The Modest Woman vs. The Strange Woman
March 19, 2019 (first published May 12, 2004)
David Cloud, Way of Life Literature, P.O. Box 610368, Port Huron, MI 48061

6 ¶ For at the window of my house I looked through my casement,
7 And beheld among the simple ones, I discerned among the youths, a young man void of understanding,
8 Passing through the street near her corner; and he went the way to her house,
9 In the twilight, in the evening, in the black and dark night:
10 And, behold, there met him a woman with the attire of an harlot, and subtil of heart.
11 (She is loud and stubborn; her feet abide not in her house:
12 Now is she without, now in the streets, and lieth in wait at every corner.)
13 So she caught him, and kissed him, and with an impudent face said unto him,
14 I have peace offerings with me; this day have I payed my vows.
15 Therefore came I forth to meet thee, diligently to seek thy face, and I have found thee.
16 I have decked my bed with coverings of tapestry, with carved works, with fine linen of Egypt.
17 I have perfumed my bed with myrrh, aloes, and cinnamon.
18 Come, let us take our fill of love until the morning: let us solace ourselves with loves.
19 For the goodman is not at home, he is gone a long journey:
20 He hath taken a bag of money with him, and will come home at the day appointed.
21 With her much fair speech she caused him to yield, with the flattering of her lips she forced him.
22 He goeth after her straightway, as an ox goeth to the slaughter, or as a fool to the correction of the stocks;
23 Till a dart strike through his liver; as a bird hasteth to the snare, and knoweth not that it is for his life.

Consider some of the contrasts between the strange woman described in Proverbs and the modest woman:

They are different in where they go. The strange woman is not afraid of going out “in the black and dark night” (Pr. 7:9). Her “feet abide not in her house; now is she without, now in the streets” (Pr. 7:11-12). The modest woman, on the other hand, is cautious about where she goes and when she goes and with whom she goes; she avoids going to places where moral temptations lurk; she avoids being alone with men other than her husband and brothers; she avoids situations that could place her in the way of moral harm. The modern pop culture would applaud the strange woman as “liberated,” but the liberty to do evil is actually enslavement.

They are different in their attire (Pr. 7:10). The immoral woman has “the attire of an harlot”--skimpy, tight, suggestive--to draw attention to herself sexually and to lure men to her on that basis. The modest woman, on the other hand, is clothed in such a way so as NOT to draw men’s attention to her in a sexual manner.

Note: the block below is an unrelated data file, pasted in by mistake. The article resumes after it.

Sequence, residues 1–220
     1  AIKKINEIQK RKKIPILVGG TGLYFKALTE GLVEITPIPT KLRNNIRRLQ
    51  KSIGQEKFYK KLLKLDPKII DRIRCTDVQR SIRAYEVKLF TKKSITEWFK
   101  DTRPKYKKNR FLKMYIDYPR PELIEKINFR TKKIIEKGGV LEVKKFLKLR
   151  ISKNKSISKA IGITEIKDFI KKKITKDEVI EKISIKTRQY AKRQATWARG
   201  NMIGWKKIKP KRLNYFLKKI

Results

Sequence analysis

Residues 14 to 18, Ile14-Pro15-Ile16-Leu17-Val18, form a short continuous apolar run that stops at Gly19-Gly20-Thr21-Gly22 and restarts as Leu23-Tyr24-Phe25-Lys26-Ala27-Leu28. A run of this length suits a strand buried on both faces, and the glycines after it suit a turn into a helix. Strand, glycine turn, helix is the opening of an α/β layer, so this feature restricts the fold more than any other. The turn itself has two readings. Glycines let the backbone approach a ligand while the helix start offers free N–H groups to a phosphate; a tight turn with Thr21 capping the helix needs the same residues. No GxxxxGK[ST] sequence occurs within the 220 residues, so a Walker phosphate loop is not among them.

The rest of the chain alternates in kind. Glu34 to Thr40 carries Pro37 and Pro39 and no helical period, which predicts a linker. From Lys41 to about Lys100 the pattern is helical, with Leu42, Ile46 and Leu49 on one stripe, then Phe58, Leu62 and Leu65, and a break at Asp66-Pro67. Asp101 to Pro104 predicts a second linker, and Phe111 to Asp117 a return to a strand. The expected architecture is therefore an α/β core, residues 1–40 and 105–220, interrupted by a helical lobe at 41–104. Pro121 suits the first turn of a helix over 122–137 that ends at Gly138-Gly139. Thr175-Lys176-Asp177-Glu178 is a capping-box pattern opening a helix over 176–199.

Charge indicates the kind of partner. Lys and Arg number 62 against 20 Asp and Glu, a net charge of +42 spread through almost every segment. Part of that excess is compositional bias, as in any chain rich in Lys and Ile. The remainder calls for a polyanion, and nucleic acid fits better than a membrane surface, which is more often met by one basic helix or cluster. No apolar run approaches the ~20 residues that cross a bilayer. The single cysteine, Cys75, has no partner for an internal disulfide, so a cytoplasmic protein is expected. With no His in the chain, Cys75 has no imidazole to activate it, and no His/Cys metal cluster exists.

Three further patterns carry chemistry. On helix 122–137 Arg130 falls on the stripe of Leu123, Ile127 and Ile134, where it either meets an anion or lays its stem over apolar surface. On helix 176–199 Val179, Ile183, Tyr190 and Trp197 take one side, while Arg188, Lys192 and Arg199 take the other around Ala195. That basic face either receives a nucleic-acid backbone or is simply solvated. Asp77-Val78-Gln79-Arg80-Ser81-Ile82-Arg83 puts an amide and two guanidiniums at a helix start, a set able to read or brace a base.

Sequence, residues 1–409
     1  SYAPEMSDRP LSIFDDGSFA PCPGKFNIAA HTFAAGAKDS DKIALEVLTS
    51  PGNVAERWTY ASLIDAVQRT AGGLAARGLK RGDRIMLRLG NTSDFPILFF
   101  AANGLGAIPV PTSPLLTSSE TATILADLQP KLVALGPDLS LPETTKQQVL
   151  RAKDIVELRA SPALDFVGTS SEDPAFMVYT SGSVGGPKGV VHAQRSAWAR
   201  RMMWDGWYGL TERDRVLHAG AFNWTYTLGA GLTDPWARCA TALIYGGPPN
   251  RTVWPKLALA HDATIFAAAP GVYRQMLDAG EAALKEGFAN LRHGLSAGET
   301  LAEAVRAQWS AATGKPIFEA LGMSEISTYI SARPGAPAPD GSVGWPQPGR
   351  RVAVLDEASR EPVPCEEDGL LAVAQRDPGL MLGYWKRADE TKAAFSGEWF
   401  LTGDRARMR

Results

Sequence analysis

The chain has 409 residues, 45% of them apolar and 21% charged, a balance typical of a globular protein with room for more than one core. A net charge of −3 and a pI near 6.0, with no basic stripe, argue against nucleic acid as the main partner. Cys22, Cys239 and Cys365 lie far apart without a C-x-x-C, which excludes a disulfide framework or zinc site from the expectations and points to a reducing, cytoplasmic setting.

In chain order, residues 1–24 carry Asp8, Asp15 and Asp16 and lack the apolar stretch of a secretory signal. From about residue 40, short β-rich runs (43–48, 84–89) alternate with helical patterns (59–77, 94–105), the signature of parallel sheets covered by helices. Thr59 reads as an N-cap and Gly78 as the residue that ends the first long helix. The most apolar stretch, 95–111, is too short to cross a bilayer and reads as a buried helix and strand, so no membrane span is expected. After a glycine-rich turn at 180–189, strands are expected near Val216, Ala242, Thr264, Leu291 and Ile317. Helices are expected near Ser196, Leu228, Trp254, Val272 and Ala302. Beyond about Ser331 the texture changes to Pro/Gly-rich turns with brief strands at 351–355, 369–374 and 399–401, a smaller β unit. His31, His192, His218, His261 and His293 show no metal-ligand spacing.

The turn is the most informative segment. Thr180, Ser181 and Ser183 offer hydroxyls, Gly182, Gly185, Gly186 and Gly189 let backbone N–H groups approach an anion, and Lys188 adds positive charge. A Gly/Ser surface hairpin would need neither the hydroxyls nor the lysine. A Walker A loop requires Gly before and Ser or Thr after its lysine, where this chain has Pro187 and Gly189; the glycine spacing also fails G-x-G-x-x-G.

They are different in spirit (Pr. 7:10-11). The immoral woman is “subtil of heart ... loud and stubborn.” The modest woman has “a meek and quiet spirit” (1 Pe. 3:4).

They are different in countenance (Pr. 7:13). The immoral woman has “an impudent face.” The modest woman, on the other hand, is “shamefaced” (1 Ti. 2:9). This is the Greek “aidos,” which “has the idea of downcast eyes” and means “bashfulness, i.e. (towards men), modesty or (towards God) awe” (Strong). It implies “a shrinking from trespassing the boundaries of propriety” (William Hendrickson, New Testament Commentary).

They are different in their religion. The strange woman makes religious offerings and attends to religious duties (Pr. 7:14), but her heart is far from God; she goes to church, but she is a hypocrite; her true and real life is devoted to evil. The modest woman, on the other hand, serves God from the heart. She is the same person in the dark of night as she is in the light of day.

They are different in their definition of love. The strange woman confuses love with lust, thinking that “love” is mere romance and the fulfillment of sexual desire regardless of one’s marital status (Pr. 7:18). This is the definition of love promoted by Hollywood and rock & roll. The modest woman, on the other hand, knows that genuine love is godly commitment in marriage. True love is keeping God’s commandments (1 Jo. 5:3).

They are different in the way they look at life. The strange woman lives only for the moment; she does not look at the end of things but only at the beginning. She does not think about God’s judgment but only about the pleasure of sin (Pr. 7:22-23). The modest woman, on the other hand, knows that sin is pleasurable only for a season and she focuses her attention on the eternal rather than the temporal (Heb. 11:24-26).

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